The controls for this game are interesting. The original arcade unit had a spinner along with some buttons for each function. The Atari 2600 was limited. How do you handle several actions with a one button joystick? COMBOS! That’s right, pull back on your stick and press the button, you get warp speed! pull back and a torpedo fires. Since people in 1982 were stupid, there was a controller overlay, a ‘combat control panel’ that slid on top of the joystick. It was usually installed for 30 seconds, only to be removed since it got in the way of holding the stick. The Coleco and Atari 5200 had the benefit of more buttons on their controllers, however the 5200 was saddled with that clunky joystick. A shame that the game didn’t utilize it fully. In general, the Enterprises turns stops and goes like it’s on rails. I don’t remember the ship turning this fast. Torpedoes are also invisible and seem to work within a range of two or three ship lengths. Chekov aims well.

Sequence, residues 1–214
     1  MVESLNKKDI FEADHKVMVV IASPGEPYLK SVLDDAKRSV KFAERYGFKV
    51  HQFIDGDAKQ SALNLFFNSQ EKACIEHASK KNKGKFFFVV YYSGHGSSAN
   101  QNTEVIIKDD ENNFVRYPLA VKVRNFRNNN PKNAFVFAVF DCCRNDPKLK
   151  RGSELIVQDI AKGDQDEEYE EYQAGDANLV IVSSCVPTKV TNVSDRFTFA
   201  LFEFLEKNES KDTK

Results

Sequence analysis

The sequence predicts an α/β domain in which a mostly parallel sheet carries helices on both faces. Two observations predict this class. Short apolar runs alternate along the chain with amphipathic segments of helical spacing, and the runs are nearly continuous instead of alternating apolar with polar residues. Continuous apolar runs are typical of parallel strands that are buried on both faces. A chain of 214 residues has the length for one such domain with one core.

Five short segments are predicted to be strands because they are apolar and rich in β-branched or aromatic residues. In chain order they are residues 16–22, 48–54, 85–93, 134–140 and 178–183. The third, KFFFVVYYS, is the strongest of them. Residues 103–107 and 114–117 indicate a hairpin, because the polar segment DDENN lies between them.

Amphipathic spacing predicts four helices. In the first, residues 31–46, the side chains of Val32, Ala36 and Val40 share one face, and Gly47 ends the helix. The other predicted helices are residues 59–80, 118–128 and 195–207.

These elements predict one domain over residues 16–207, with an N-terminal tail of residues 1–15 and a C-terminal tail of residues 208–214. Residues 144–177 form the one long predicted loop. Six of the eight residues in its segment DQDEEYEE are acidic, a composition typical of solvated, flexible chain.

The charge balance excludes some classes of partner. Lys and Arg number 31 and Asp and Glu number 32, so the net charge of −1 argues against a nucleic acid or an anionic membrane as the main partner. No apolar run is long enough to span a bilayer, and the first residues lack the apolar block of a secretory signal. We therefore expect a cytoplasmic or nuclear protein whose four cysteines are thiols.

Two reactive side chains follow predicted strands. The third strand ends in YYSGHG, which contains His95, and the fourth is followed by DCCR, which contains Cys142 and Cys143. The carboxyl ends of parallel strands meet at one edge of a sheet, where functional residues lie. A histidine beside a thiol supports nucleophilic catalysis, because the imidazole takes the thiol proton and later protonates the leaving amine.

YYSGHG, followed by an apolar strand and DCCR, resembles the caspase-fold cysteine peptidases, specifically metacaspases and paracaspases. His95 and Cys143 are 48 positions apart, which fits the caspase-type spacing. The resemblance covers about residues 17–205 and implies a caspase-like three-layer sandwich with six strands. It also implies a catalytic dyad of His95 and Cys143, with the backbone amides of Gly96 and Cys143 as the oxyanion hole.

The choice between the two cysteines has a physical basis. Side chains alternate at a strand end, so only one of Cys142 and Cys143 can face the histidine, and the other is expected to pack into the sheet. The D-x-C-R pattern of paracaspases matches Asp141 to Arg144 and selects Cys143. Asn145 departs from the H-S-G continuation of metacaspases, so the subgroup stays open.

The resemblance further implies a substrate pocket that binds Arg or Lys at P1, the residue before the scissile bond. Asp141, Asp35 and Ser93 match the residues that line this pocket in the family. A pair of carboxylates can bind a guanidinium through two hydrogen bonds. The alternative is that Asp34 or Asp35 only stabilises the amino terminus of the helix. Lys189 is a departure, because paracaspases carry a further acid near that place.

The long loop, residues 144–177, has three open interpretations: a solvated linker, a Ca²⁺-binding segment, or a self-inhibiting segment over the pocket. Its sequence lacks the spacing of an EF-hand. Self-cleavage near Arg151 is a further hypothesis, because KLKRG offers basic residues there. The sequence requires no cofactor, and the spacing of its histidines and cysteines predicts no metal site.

If I want an in depth Star Trek game, I’ll fire up Star Trek Online. If I want a ‘realistic’ sim, I’ll go with Klingon Academy. If I want a quick space shooter, I’ll head right for this game. Easy to play, not too much of a ‘simulator’, but there is some strategy involved regarding docking, how to attack, and saving your torpedoes. There’s no in depth plot, there’s no planet side action, no dialogue, no maintaining and balancing ship’s power, no Scotty yelling he ‘canna do it cap’n!’… Just a ship flying around fighting enemies that get progressively harder and harder to beat. With a new movie out/coming out, depending on your location, Star Trek: Strategic Operations Simulator is a logical choice for a Fair Shake.